"By moving the U.S. embassy from Tel Aviv to Jerusalem, this legislation simply enforces current policy while reaffirming our commitment to Israel, one of our oldest and strongest allies," Heller said Tuesday. "Having spent time in Israel and seen firsthand the challenges that they face to ensure security and sovereignty, I believe the United States must stand firm in our commitment to the Israeli people."
Heller's bill would say it is U.S. policy to recognize Jerusalem as Israel's capital. It also includes a sense of Congress that Jerusalem "must remain an undivided city" in which the rights of all ethnic and religious groups are protected.
That sense of Congress also encourages the president and secretary of state to "publicly affirm" that Jerusalem "must remain the undivided capital of the State of Israel."
A similar bill titled H.R. 104 was introduced in the House this past January by Rep. Scott Garrett (R-N.J.). Rep. Garrett's bill, like Senator Heller's, calls for the U.S. to recognize Jerusalem as Israel's capital city and to relocate the U.S. Embassy to Jerusalem, but with a deadline of no later than January 1, 2015.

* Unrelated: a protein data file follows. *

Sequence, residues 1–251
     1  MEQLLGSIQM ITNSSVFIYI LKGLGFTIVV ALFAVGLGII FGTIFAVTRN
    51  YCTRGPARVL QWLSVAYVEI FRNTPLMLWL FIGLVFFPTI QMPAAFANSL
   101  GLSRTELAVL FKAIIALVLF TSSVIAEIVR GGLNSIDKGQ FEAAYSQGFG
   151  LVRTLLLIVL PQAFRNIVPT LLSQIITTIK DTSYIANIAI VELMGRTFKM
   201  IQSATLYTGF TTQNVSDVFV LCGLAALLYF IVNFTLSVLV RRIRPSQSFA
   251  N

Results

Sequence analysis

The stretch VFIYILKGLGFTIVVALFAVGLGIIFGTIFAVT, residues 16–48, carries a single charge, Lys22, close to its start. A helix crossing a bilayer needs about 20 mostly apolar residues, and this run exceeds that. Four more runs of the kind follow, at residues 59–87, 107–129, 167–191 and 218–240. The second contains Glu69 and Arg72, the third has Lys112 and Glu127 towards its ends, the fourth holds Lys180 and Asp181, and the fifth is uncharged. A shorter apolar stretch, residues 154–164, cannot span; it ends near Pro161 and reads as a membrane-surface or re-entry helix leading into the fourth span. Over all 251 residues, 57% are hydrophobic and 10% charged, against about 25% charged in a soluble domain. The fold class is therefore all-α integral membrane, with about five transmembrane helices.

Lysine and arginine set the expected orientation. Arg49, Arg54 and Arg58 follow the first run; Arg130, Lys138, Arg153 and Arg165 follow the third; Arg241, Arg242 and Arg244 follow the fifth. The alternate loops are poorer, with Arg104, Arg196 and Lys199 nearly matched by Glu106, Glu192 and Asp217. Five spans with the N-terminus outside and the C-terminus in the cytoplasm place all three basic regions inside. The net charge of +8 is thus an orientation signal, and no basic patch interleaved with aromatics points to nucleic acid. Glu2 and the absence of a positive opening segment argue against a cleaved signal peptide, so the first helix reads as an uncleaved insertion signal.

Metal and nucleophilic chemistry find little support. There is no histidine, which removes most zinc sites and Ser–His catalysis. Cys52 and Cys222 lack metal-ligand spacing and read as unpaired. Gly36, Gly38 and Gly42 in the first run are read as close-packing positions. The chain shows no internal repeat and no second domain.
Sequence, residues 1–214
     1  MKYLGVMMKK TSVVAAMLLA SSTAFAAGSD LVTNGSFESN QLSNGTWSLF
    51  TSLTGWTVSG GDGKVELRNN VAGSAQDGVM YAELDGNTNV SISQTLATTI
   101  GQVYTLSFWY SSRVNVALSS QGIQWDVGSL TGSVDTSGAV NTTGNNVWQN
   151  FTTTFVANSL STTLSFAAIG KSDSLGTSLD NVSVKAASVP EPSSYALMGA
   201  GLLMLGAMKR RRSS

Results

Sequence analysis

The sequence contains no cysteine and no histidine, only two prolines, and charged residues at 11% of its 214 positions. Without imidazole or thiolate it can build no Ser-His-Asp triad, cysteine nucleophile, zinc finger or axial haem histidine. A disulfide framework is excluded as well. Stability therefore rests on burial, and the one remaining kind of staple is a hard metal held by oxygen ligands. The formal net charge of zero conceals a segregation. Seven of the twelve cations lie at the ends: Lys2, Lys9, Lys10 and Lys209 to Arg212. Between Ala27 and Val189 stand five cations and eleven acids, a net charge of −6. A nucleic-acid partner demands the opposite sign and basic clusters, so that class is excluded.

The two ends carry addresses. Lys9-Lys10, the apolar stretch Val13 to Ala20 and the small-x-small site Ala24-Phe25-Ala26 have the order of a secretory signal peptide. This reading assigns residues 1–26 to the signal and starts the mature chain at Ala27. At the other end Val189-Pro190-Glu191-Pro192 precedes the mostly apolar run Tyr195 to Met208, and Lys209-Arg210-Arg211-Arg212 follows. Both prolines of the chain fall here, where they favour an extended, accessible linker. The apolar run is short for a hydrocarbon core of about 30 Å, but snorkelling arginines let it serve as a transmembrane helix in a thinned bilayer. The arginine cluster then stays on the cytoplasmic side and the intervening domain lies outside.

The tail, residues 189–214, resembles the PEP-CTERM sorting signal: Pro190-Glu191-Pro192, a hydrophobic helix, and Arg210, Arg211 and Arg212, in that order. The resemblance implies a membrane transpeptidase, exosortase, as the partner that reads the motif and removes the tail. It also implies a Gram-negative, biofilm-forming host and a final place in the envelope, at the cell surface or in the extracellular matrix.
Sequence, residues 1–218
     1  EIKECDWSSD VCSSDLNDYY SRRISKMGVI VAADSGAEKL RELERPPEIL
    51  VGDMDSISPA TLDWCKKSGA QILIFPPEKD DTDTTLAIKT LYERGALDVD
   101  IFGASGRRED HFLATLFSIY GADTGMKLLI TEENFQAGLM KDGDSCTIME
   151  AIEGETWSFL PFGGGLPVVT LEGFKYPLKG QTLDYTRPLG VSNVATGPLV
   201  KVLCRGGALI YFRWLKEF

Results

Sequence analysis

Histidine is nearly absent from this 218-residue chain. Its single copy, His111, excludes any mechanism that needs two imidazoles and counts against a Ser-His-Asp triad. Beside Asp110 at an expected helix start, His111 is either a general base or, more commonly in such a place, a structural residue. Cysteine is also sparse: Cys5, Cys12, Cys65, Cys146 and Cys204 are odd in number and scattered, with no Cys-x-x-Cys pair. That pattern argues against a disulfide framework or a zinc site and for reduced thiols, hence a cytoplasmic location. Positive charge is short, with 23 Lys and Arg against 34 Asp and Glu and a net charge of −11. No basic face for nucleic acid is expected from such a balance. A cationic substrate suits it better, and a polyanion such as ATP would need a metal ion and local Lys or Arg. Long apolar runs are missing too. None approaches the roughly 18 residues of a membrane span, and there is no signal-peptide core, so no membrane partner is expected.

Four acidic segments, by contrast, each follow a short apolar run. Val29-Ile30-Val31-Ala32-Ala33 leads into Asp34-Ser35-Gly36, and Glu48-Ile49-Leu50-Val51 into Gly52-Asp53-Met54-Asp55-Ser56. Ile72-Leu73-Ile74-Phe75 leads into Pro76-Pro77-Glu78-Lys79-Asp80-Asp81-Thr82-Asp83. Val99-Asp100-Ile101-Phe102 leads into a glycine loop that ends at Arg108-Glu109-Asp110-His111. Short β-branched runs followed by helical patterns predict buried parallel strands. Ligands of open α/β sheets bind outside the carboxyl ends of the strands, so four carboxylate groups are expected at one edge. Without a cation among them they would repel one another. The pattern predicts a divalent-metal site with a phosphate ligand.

The issue of Israel's capital became a sticky one for Democrats last fall, when they removed recognition of Jerusalem as the capital from their political platform. After that omission was noted by the press, convention chairman and Los Angeles Mayor Antonio Villaraigosa held a vote to put the statement back into the official platform.
Villaraigosa asked for a voice vote three times before deciding — some say incorrectly — that attendees supported putting the Jerusalem language back into the platform.
Sens. John Cornyn (R-Texas), James Inhofe (R-Okla.) and Mark Kirk (R-Ill.) are co-sponsors of the resolution.
- Updated at 3:30 p.m. Thursday